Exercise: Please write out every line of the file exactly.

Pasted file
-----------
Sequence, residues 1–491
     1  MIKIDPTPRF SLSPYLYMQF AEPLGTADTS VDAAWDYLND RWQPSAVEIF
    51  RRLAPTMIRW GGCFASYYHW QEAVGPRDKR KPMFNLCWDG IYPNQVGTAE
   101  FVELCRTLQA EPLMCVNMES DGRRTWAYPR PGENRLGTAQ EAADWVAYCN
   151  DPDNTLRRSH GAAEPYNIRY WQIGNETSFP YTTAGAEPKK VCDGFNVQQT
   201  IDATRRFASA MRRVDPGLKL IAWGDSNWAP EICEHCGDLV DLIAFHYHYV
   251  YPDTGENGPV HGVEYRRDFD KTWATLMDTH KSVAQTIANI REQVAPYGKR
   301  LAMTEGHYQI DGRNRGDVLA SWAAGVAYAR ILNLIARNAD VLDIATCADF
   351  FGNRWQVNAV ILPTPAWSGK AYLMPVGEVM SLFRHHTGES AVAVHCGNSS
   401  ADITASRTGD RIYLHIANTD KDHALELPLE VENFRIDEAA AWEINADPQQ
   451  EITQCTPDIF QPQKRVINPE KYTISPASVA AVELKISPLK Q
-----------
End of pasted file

Sequence, residues 1–491
     1  MIKIDPTPRF SLSPYLYMQF AEPLGTADTS VDAAWDYLND RWQPSAVEIF
    51  RRLAPTMIRW GGCFASYYHW QEAVGPRDKR KPMFNLCWDG IYPNQVGTAE
   101  FVELCRTLQA EPLMCVNMES DGRRTWAYPR PGENRLGTAQ EAADWVAYCN
   151  DPDNTLRRSH GAAEPYNIRY WQIGNETSFP YTTAGAEPKK VCDGFNVQQT
   201  IDATRRFASA MRRVDPGLKL IAWGDSNWAP EICEHCGDLV DLIAFHYHYV
   251  YPDTGENGPV HGVEYRRDFD KTWATLMDTH KSVAQTIANI REQVAPYGKR
   301  LAMTEGHYQI DGRNRGDVLA SWAAGVAYAR ILNLIARNAD VLDIATCADF
   351  FGNRWQVNAV ILPTPAWSGK AYLMPVGEVM SLFRHHTGES AVAVHCGNSS
   401  ADITASRTGD RIYLHIANTD KDHALELPLE VENFRIDEAA AWEINADPQQ
   451  EITQCTPDIF QPQKRVINPE KYTISPASVA AVELKISPLK Q